For as much credit as I give the NFL for turning their yearly draft into a red carpet event with performing acts, celebrities, and plenty of ads, I always wondered why Kanye West's 'Power' never was the go-to theme. I mean, look at the lyrics:
"Screams from the haters, got a nice ring to it
I guess every superhero need his theme music."
Every year, boos come flying down from fans at the NFL Draft for not only Emperor Goodell, but for the players selected by each of the league's 32 teams. Sometimes, the boos are justified (i.e. off-field behavior) and sometimes, it's nothing more than frustration about what goes into their teams' drafting process. At the end of the day though, perhaps fans should realize that a lot of scouting and analysis goes into a team's pick and sometimes it's best to take a wait and see approach rather than take out your frustration on a young man who hasn't even had his shot in the pros yet.
And for many of the NFL's newest players, those boos and seeming hate from their new fans may rattle them. Plenty of players, however, have used the boos as a form of motivation and have gone on to prove those fans wrong.
15 Jeff Lageman - New York Jets (1989 NFL Draft)
Get used to seeing the Jets on this list, because the tortured green and white supporters will always send boos flying for their first-round picks. Before going into broadcasting for the Jacksonville Jaguars and hosting a popular radio talk show for WOKV (690 AM), Lageman was an All-Pro linebacker for the Jets from 1989-94 who had to deal with those draft day boos.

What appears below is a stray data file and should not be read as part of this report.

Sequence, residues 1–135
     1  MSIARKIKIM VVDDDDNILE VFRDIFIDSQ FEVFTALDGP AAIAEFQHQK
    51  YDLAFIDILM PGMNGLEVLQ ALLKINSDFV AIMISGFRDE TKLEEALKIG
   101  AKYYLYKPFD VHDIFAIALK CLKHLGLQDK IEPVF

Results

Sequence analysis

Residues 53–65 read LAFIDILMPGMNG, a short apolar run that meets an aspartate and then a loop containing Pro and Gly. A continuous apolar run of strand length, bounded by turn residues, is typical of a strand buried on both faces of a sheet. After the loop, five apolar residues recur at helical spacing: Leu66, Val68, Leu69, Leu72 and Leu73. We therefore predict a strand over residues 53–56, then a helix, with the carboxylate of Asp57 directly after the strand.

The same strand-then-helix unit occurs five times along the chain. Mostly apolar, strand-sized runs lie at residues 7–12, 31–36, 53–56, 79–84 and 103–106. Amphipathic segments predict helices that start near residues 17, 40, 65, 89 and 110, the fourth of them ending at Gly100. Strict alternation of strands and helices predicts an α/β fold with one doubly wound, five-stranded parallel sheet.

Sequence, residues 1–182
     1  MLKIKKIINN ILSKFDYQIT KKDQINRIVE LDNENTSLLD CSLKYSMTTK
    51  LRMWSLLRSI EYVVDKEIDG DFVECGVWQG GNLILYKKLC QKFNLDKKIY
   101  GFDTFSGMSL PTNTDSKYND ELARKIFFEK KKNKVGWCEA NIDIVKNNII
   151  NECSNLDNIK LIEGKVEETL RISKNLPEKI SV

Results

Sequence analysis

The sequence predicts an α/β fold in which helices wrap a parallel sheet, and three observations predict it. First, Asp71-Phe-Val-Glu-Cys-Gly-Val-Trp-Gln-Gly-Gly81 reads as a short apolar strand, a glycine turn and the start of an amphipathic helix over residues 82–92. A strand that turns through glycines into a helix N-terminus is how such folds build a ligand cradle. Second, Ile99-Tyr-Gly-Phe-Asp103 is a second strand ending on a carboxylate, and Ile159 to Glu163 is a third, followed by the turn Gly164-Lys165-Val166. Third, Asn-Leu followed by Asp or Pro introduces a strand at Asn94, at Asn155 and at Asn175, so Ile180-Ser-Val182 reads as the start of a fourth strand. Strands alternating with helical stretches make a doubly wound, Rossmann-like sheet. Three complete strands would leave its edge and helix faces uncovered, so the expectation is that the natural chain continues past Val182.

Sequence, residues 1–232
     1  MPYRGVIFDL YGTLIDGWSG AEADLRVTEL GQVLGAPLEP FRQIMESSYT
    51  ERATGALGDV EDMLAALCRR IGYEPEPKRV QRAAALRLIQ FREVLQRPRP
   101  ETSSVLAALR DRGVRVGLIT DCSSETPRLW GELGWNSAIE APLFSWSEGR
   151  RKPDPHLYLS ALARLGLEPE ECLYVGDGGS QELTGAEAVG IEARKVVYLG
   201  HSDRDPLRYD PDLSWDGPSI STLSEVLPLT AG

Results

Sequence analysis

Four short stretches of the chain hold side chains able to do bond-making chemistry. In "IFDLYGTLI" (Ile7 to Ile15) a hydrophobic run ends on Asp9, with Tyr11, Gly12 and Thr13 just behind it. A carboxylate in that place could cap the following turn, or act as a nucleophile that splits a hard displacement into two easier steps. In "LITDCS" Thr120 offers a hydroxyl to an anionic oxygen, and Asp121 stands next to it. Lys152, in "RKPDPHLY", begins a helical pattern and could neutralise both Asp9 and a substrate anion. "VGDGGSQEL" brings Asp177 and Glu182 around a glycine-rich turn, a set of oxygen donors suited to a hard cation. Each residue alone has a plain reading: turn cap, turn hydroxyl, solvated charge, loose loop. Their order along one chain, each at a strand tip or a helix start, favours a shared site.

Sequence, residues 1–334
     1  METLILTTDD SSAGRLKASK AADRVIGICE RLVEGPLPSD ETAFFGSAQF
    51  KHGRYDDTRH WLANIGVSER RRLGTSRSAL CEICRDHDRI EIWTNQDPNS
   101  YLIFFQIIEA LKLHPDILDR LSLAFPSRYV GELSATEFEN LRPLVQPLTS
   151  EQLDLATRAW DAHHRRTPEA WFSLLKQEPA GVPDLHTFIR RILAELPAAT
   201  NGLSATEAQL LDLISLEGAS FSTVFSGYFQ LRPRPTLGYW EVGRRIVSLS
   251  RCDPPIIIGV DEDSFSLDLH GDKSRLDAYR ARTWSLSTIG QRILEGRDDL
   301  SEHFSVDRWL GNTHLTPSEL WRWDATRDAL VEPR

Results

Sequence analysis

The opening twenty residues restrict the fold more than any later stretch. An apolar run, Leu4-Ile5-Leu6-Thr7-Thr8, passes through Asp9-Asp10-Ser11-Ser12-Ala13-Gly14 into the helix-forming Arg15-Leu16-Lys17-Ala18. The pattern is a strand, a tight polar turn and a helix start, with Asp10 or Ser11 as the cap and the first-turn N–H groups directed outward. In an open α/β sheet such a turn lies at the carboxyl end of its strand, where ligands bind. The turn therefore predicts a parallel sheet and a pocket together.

Part of what bothered Jet fans was Lageman came into the league as an undersized defensive end, but he flourished as a linebacker - racking up 10 sacks in his All-Pro 1991 season - for both Gang Green and the Jaguars. Nearly a decade after being booed on Draft Day, Lageman's career ended at the age of 31 after tearing a muscle in his arm with the Jaguars. Still, a fine career for someone who 'draft expert' Mel Kiper believed wouldn't succeed in the NFL because of his size.
14 Kevin Kolb - Philadelphia Eagles (2007 NFL Draft)
Before becoming a college basketball broadcaster for beIN Sports, Donovan McNabb was on his way to becoming the greatest quarterback in Philadelphia Eagles history after his first eight seasons from 1999-2006. The last two of those seasons, however, were marred by injuries (though McNabb was his normal, efficient self when healthy with a 34-15 TD-INT ratio in 19 games).
Because the Eagles won the NFC East with Jeff Garcia as quarterback in 2006 and the soon-to-be-31 year old McNabb was coming off a torn ACL, GM Tom Heckert decided to draft the apparent heir replacement in the 2007 NFL Draft: Houston’s Kevin Kolb. Why the Eagles fans booed Kolb so heavily remains unclear - was it out of love for McNabb, or frustration the team went quarterback instead of linebacker David Harris or wide receiver Steve Smith?